And the historians gave Bush a pass.
I was a foreign correspondent in Europe during the Vietnam War. I saw the damage done to our reputation and interests abroad, especially after 1968 when the war’s effects led to the collapse of the dollar. Nothing during those years, however, comes close to the loathing that Bush’s war has created around the world. Despite Vietnam, Americans were still welcomed and honored in Europe in the 1960s and 1970s, still remembered for what we had done to rescue Europe and keep it free.
It was financial – not moral – strain that led to our withdrawal from Vietnam, and I suspect it will be the same in Iraq. Until their pocketbooks are hit, Americans maintain a high tolerance for atrocity and imbecility. Newspapers like the local one relegate the daily Iraq carnage to the back pages, helping us to forget; the connection between the present sectarian killing and Iraq’s secular tradition goes unmentioned; rising anti-U.S. sentiment across the Middle East is rarely reported; the lies Bush told to win support for the war, like Iraq’s alleged ties to al Qaeda and 9/ll and its alleged weapons of mass destruction, are forgotten. And where have all the neo-cons gone?
The exercise of the Louisville historians was a useless one. As I look down the list, I don’t see presidential mistakes so much as I see national ones. Buchanan had no more chance of preventing the Civil War than Lyndon Johnson had of turning his back on what Eisenhower and Kennedy had started before him. Their actions, or lack of them, were in the nature of things. So were Madison’s War of 1812 (ranked sixth) and Wilson’s failures after World War I (fourth). Only Jefferson’s embargo act of 1807 (seventh), Kennedy’s Bay of Pigs fiasco (eighth), Reagan’s Iran-Contra trickery (ninth) and Clinton’s White House trysting (10th) were presidential choices that could have been avoided.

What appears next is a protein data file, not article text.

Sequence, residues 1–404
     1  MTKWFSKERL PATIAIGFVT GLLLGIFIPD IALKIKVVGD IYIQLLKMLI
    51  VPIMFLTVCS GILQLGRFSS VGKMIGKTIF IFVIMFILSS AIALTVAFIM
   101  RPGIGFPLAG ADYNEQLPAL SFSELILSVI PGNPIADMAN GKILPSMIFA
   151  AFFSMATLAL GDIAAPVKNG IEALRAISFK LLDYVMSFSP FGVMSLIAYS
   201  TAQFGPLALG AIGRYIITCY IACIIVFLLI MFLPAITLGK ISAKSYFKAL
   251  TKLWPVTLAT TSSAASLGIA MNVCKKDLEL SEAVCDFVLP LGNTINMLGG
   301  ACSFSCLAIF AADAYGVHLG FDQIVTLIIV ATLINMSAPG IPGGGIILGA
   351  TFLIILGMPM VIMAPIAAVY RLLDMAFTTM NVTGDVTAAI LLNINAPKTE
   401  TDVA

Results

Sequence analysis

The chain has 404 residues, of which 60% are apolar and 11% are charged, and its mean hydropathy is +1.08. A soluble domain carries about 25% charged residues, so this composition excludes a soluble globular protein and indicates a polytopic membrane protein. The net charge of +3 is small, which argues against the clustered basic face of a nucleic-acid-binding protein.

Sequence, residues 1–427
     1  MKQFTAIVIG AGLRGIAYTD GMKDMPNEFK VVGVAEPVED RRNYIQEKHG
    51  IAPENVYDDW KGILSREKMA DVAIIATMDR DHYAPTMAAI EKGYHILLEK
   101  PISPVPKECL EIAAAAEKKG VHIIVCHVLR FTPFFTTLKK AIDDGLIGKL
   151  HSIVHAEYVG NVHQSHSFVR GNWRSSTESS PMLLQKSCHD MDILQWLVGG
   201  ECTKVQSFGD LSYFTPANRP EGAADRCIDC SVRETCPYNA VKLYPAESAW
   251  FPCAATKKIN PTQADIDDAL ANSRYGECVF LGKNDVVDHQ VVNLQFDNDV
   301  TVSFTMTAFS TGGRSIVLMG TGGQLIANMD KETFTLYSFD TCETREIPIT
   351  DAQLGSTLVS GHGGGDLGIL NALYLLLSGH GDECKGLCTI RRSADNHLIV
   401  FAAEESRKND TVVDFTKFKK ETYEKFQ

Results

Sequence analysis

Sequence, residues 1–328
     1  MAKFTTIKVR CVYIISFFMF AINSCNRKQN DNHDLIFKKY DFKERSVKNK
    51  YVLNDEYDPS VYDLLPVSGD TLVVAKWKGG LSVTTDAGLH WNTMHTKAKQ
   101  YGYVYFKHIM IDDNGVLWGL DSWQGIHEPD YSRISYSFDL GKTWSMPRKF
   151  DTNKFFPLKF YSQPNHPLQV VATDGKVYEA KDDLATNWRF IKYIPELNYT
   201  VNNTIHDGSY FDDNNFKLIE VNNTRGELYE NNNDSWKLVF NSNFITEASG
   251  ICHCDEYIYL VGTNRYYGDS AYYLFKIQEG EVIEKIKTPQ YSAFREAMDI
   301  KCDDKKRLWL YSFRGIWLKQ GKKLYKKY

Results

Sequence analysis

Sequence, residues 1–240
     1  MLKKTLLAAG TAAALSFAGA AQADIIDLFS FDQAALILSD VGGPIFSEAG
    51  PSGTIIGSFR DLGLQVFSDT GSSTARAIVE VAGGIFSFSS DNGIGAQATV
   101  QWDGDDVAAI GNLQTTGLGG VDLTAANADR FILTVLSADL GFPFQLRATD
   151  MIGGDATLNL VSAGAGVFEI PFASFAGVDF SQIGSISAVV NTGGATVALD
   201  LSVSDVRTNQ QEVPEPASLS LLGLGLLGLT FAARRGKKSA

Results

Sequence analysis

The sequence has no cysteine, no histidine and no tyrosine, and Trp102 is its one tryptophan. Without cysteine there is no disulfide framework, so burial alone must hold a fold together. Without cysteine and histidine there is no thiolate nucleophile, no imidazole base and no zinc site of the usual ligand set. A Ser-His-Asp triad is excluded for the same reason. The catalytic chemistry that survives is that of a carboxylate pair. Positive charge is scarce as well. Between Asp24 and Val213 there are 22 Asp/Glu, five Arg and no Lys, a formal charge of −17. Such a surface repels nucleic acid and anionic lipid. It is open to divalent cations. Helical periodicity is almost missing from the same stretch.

Iraq, a war of choice, was never in the nature of things, and the failure is a national one. The 2000 election can be excused, but in returning this president to office knowing of his lies, incompetence and errors, we the people assumed full responsibility. Unlike in 1968, when Americans voted (they thought) against the Vietnam War, we voted Bush back into office in full knowledge of the consequences on Iraq and America. The media and the Congress colluded with Bush in this national failure.
Belatedly, Bush is plummeting in the polls, abandoned by all but the hardest core Republicans, those who probably think Jack Abramoff is just another fund-raiser.
What changes Bush has brought to America, once the nation of Lend Lease and Normandy, Guadalcanal and “Layfayette, we are here.” Today we are the land of Abu Ghraib, Fallujah, Guantanamo, domestic spying, secret overseas gulags, faulty intelligence, legalized torture and presidential lies. The list of failures is endless.